Rout out the mortise: To rout the hinge mortise, first make a light cut along the edge of the jamb. Rout clockwise around the perimeter of the template, and clear out the waste in the center. Be sure to hold the router baseplate flat against the template as you rout.
Use a chisel: When you remove the jig, you’ll notice that the end of the mortise doesn’t meet the pencil line because the router bit’s cutter is a smaller diameter than its guide bearing. This doesn’t make any practical difference as long as you always position the jig consistently for each cut. The completed mortise is a very good fit for the radiused hinge. Simply drill the pilot holes and drive the screws
Arrach the hinge leaf: To help prevent a door from sagging, replace one of the standard hinge screws with an extra long screw that will reach the stud. This procedure is a must when hanging heavy exterior doors because of their extra weight.
Scribe the leaf outline: A knife hinge consists of two leaves—you install the leaf with the pin to the carcase, and the one with the hole to the door. With the technique I developed, you use the leaf with the hole to lay out the hinge locations in both the door and carcase.
Rout the mortise into the carcase: You’ll need to rout the hinge’s location in the carcase before you assemble it. This hinge has a pin diameter of 3⁄16 in., and I wanted to place the hinge’s center of rotation just past the end of the door. To do that, tape a 7⁄64-in.- dia. drill bit to the edge of the door, and place its shank inside the hole of the hinge leaf. Hold the leaf approximately centered in the width of the door, and use a crafts knife to scribe its end.
Square the mortise and secure the hinge leaf: Chuck a 3⁄8-in. straight bit into your router, and set the height of the bit to match the thickness of a leaf.
The finished product: Position your router’s edge guide to center the bit in the thickness of the door, and rout the mortise. Clamp a piece of scrap wood to the edge of the door to help prevent chipout. Always register the router’s edge guide against the front of the door—you’ll see why in a moment.
Variation- change the center of rotation with an L-shaped hinge: Complete the mortise with a chisel.
Prepare the base and lid for drilling: Drill pilot holes, and attach the leaf.
Drill in the holes: Following the same layout technique you used on the door, scribe a line on the carcase top and bottom at the end of the leaf. You don’t need to be concerned with the front-to-back position of the leaf because the router’s edge guide will take care of that.
Add the hinge and screws: For a door that’s flush to the front edge of the carcase, leave the edge guide positioned as it was when you routed the doors. Even if it’s not perfectly centered in the door, the same offset will be transferred to the carcase, and you’ll get a flush fit. I wanted to set the door back about 1⁄64 in., so that’s the amount of distance I added between the router bit and the edge guide. Rout the mortise into the carcase.
A unique touch: Square the mortise, and screw the pinned hinge leaf to the carcase. To install the door, screw all of the leaves in place except the top one on the door. Put the hole of the bottom door leaf onto its mating pin, and hold the door in its open position. Gently tilt the top of the door toward you far enough that you can place the last leaf onto its pin. Hold it in place with your finger while you slide the leaf into its mortise.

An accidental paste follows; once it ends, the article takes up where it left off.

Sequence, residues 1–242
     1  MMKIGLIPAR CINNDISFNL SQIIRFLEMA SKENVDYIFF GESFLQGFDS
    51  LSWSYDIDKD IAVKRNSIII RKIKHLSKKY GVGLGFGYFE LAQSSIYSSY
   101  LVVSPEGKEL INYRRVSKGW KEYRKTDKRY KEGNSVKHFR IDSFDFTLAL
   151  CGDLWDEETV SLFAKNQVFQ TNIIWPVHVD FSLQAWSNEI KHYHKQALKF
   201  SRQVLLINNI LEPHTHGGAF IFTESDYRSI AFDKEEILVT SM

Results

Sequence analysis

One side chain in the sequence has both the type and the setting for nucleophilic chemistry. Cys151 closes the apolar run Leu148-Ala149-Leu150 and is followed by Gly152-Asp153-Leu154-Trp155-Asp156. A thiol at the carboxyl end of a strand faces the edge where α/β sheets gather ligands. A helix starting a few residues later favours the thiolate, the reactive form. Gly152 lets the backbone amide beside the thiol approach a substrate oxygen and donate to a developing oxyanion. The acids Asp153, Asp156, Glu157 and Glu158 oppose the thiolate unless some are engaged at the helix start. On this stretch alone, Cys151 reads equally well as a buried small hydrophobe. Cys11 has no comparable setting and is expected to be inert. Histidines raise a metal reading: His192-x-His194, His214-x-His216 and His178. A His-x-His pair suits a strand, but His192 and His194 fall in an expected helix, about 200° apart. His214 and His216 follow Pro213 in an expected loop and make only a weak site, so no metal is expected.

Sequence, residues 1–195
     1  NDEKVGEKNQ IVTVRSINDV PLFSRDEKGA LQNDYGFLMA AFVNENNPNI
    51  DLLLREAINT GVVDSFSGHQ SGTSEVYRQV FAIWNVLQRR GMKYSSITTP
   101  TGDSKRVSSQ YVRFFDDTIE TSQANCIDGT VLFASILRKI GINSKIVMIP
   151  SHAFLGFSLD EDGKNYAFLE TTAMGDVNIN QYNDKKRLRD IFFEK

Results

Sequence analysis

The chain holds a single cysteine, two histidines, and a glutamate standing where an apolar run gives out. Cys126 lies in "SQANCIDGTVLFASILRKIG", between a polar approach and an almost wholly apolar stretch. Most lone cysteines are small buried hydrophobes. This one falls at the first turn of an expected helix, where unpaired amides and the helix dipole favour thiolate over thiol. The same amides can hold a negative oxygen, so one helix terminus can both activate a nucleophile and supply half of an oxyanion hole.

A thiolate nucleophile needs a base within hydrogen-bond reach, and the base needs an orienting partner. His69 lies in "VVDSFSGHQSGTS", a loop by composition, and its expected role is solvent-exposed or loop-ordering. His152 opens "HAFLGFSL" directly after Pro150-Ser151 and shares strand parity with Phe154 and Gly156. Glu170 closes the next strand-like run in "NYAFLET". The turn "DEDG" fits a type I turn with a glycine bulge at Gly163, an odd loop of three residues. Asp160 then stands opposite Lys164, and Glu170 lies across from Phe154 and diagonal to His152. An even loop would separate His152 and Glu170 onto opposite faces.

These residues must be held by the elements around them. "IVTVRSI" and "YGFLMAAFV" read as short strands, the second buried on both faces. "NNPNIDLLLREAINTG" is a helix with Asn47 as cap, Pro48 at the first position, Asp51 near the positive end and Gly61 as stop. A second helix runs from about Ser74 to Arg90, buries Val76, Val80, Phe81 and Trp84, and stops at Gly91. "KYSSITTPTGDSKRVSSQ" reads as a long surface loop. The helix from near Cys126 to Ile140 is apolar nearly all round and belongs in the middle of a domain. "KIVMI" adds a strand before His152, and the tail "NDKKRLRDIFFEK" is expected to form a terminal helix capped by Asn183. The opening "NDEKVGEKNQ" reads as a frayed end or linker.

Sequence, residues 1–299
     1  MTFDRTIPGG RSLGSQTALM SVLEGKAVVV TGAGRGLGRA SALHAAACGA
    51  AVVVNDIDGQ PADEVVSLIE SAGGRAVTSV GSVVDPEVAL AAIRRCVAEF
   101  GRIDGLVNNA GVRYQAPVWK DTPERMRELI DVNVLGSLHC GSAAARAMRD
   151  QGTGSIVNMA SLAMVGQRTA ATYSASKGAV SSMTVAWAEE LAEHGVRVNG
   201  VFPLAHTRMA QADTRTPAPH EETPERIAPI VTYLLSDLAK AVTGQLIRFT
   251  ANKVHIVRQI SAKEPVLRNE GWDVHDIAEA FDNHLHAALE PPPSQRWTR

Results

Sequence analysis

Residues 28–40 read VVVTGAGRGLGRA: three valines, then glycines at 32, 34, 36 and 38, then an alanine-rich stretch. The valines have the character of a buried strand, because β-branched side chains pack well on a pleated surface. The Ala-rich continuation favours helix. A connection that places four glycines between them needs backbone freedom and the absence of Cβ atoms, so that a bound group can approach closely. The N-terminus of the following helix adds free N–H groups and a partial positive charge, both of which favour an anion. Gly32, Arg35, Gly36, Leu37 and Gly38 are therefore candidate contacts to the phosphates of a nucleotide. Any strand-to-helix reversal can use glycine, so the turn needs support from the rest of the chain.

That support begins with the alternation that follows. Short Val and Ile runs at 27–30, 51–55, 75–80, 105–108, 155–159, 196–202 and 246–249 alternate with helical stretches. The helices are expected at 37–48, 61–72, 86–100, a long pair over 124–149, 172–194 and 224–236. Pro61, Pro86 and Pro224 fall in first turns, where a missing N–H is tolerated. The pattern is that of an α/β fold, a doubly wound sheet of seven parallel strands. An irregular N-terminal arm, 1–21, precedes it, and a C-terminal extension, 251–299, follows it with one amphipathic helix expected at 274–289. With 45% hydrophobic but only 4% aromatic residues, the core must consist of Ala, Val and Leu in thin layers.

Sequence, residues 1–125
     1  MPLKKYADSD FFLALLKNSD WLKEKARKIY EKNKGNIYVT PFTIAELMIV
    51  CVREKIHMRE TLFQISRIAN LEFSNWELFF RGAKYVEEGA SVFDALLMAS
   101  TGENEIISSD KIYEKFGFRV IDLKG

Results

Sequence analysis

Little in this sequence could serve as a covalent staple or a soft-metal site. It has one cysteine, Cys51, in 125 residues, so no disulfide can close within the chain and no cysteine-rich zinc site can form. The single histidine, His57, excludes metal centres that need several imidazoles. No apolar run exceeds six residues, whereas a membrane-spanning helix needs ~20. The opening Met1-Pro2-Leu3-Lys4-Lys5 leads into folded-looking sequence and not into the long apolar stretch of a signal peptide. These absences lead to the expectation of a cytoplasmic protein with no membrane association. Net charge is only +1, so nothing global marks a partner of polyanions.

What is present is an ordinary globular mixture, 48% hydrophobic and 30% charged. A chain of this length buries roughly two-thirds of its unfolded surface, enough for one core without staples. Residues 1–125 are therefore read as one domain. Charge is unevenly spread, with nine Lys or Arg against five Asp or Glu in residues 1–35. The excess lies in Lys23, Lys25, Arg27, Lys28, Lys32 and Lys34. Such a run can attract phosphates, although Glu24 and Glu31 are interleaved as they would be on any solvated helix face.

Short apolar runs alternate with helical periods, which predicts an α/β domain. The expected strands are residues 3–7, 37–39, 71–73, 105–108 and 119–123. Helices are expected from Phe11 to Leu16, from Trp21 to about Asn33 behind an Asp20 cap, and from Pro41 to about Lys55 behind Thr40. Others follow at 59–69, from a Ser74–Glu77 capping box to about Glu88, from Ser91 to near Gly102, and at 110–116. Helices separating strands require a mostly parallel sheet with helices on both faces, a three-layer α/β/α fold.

The finished product: When you've completed installation, the hinge is barely visible.
To hang an inset cabinet door, use the L-shaped knife hinge to move the center of rotation past the front of the door.The same drill-bit technique you used for the straight hinge will accurately position the hinge on both the door and carcase. Use a piece of plastic laminate to set the distance from the carcase side. Scribe the outlines of the mortises, and chisel them. Once you’ve installed the hinges, there’s no tidy way to change their position.
Installing a round hinge requires a bit of careful setup at the drill press, but once you’ve done that, the rest of the steps are so fast and easy you may almost feel guilty that you’ve finished so quickly.
Begin by putting four thicknesses of self-adhesive notepaper near the ends between the base and lid so they won’t interfere with hinge placement. Carefully align the edges and ends of the base and lid, and tape them together, using package sealing tape or masking tape. Clamp a high fence to your drill-press table so that the base and lid cannot move while you’re drilling them. Make certain that the fence is square to the table. Decide on the placement of the hinges, and center the tip of a 35-mm Forstner bit in the middle of the base-lid gap.
Drill the hole 1⁄32 in. shallower than the thickness of the hinge so it will sit slightly proud of the wood.
Drop the hinge into the hole, and align its pin with the joint between the base and lid. Drilling pilot holes and driving the screws completes the job. You can purchase an optional stop for the hinge (it’s shown by itself in the center and installed on both hinges in photo. Use the longer screw supplied with the stop to install it atop the bottom half of the hinge.
When you untape the box and open it, you’ll notice that the tip of the Forstner bit made tiny V-shaped notches in the base and lid. This adds an interesting detail, and I mention it only so that you’re not surprised by it.
The completed box has a clean and sophisticated look.